Over the past four years, many Americans forgot how it felt to have a president who preached and practiced basic decency. Joe Biden’s inauguration on Wednesday changed that. We’re hearing a normal president say normal things. And as we hear them, the perversity of Donald Trump’s behavior stands out more clearly. By traditional standards, Biden’s inaugural address was unremarkable. But when you compare it with the twisted farewell speeches Trump delivered on Tuesday and Wednesday, it’s shocking to remember that for four years, Trump was the president of the United States.
In his address, Biden preached modesty and compassion. “Today we celebrate the triumph not of a candidate, but of a cause, the cause of democracy,” he said. He asked Americans to “show a little tolerance and humility” to their neighbors, “to stand in the other person’s shoes.” Trump, by contrast, celebrated himself and his putative superiority. “I came to Washington as the only true outsider ever to win the presidency,” he declared. He portrayed public service as a grievous burden on his wealthy family: “They could have had a much easier life.” He boasted, falsely, that he had won “75 million votes, and that’s a record in the history of sitting presidents.” He thanked himself, not scientists, for developing coronavirus vaccines. “Another administration would have taken three, four, five, maybe even up to 10 years to develop a vaccine,” he claimed absurdly. “We did it in nine months.”
Biden promised to “set aside politics” and focus on doing the job. Trump focused instead on his image and on shifting blame. “The vets have given us an approval rating like has never been before,” he bragged. Anything good that might happen under Biden was really Trump’s doing, said the outgoing president: “You’re going to see incredible numbers start coming in, if everything is sort of left alone. … Remember us when you see these things happening.” As to the 400,000 Americans who had died of COVID during his tenure, Trump devoted his remarks not to mourning them but to denying responsibility. “Nobody blames us for that. The whole world got hit,” he argued. He called it “the China virus” and said, “We all know where it came from.”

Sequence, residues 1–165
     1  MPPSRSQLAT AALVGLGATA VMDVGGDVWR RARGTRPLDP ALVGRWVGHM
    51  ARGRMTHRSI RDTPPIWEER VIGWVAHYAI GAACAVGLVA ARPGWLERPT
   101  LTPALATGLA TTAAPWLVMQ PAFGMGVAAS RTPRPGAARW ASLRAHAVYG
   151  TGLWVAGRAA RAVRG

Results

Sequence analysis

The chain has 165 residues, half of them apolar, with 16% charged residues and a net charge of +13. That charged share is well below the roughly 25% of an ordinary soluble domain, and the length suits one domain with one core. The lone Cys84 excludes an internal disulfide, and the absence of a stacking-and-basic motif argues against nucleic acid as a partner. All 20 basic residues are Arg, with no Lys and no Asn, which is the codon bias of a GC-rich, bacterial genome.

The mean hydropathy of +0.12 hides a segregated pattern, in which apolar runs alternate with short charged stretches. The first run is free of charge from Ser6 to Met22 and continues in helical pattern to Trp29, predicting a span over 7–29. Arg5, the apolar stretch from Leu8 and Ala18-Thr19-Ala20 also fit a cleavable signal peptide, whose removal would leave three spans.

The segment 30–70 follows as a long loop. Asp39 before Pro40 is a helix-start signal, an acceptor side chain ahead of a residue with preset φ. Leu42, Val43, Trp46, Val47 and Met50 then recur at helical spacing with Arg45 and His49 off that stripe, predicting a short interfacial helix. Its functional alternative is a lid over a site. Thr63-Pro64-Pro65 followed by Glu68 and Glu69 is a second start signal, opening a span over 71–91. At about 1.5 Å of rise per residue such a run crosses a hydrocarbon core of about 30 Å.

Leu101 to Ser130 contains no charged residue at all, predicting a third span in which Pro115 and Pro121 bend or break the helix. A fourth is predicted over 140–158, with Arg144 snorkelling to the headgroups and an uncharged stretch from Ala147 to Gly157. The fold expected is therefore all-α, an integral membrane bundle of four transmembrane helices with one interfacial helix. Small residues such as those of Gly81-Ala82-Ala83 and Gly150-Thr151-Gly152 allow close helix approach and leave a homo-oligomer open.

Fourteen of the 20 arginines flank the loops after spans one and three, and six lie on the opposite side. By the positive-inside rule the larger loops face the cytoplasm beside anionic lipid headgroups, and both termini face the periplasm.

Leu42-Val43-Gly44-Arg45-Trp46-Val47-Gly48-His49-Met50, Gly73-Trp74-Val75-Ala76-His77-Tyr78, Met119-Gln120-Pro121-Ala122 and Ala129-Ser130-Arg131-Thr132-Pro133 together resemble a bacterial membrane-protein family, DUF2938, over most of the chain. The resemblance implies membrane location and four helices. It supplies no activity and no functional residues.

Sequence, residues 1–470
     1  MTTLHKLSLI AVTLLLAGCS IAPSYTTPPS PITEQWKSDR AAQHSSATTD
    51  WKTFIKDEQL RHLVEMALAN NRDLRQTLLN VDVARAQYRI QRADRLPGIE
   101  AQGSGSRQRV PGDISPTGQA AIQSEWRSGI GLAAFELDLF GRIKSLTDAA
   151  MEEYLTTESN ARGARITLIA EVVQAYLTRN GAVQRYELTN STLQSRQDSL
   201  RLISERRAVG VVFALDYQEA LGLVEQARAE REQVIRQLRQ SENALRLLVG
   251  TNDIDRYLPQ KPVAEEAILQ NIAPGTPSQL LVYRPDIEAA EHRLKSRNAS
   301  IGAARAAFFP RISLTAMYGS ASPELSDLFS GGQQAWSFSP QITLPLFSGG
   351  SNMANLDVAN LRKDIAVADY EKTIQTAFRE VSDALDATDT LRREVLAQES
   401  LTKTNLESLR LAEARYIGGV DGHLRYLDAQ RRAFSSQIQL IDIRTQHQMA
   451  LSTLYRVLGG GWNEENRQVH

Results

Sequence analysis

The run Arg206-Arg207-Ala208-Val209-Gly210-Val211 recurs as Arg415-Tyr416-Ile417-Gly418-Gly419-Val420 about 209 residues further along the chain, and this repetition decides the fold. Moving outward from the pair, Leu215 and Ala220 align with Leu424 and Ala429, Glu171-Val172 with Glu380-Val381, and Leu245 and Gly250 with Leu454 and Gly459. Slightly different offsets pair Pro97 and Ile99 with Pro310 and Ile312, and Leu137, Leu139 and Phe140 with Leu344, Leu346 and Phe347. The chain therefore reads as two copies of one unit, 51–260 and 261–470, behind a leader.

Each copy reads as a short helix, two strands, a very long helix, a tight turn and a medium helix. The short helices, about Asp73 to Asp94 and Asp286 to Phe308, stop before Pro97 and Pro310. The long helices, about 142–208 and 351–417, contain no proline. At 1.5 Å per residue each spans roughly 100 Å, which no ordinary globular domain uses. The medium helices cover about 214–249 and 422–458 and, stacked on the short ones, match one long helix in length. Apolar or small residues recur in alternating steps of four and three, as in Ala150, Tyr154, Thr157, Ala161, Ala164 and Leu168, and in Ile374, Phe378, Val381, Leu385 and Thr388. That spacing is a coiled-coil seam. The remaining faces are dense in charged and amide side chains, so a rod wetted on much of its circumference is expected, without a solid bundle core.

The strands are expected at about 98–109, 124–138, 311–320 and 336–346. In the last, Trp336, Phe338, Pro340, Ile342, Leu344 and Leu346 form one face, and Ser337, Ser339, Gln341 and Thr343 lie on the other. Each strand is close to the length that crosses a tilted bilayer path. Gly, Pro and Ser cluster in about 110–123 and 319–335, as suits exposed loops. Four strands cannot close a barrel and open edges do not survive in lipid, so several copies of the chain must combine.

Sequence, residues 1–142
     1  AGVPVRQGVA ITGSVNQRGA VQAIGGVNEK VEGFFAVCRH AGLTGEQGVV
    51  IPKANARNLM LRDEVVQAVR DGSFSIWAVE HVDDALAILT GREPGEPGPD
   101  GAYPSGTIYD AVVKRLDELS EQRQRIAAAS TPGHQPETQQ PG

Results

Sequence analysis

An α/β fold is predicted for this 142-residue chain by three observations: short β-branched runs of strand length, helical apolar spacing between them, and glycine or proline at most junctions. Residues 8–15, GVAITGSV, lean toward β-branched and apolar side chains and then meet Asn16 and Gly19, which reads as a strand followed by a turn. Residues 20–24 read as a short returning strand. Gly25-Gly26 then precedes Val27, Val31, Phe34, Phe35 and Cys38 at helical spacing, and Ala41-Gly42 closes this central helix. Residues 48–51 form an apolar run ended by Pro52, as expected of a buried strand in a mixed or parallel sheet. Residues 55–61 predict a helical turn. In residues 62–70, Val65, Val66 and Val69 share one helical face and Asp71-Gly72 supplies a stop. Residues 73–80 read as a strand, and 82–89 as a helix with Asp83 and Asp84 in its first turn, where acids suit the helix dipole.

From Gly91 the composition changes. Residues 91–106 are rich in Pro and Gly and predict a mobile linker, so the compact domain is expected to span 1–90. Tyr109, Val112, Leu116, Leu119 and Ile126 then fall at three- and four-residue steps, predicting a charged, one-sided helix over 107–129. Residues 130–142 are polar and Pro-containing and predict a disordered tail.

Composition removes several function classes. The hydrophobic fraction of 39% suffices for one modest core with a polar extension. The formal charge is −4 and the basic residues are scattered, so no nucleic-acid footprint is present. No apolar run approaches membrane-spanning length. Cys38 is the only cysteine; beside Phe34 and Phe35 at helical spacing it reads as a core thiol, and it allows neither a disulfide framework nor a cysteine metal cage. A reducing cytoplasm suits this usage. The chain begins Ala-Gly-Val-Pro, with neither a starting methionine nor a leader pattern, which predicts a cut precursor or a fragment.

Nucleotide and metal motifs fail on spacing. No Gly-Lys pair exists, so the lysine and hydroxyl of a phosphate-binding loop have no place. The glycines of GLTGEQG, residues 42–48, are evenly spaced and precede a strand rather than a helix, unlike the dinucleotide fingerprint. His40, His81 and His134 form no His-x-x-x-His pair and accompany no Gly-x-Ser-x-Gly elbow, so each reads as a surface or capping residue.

Biden asked Americans to pray in memory of the dead: “moms, dads, husbands, wives, sons, daughters, friends, neighbors, and co-workers.” Trump told the public to think instead about how much money had been accumulated. “The stock market set one record after another,” he gloated. “The stock market is actually substantially higher than it was at its higher point prior to the pandemic.” If it hadn’t been for the pesky plague, Trump groused, the market would have done even better: “Had we not been hit by the pandemic, we would have had numbers that would never have been seen.”
Biden called for unity. “I will fight as hard for those who did not support me as for those who did,” he pledged. “We must end this uncivil war that pits red against blue.” Trump, on the other hand, bad-mouthed his predecessor and his successor. He said veterans had been “very badly treated before we came along,” and he repeated one of his favorite campaign slams against Biden: “I hope they don’t raise your taxes. But if they do, I told you so.”
Biden asked his listeners to think cooperatively and to strive for collective success. “We can see each other not as adversaries, but as neighbors,” he said. Trump, meanwhile, argued that Americans should take comfort in the pain of other countries and in the humbling of our allies. He boasted not of uniting NATO against Russia, but of extracting money from our partners: “NATO countries are now paying hundreds of billions of dollars more than when I arrived.” And while many Americans might be dead of COVID, the important thing, Trump suggested, was that other nations were suffering more. “America outperformed other countries economically” during the pandemic, he said, and countries “that thought they got away with it, didn’t get away with it. They’re suffering right now.”
Trump is gone from the White House, and most of us are glad to be rid of him. We’d rather not think about him anymore. But before we close that door, it’s important to recover our sense of perspective. The daily viciousness, callousness, and contempt we experienced for those four years wasn’t normal. What’s normal is what we’re seeing now. Don’t ever take it for granted again.
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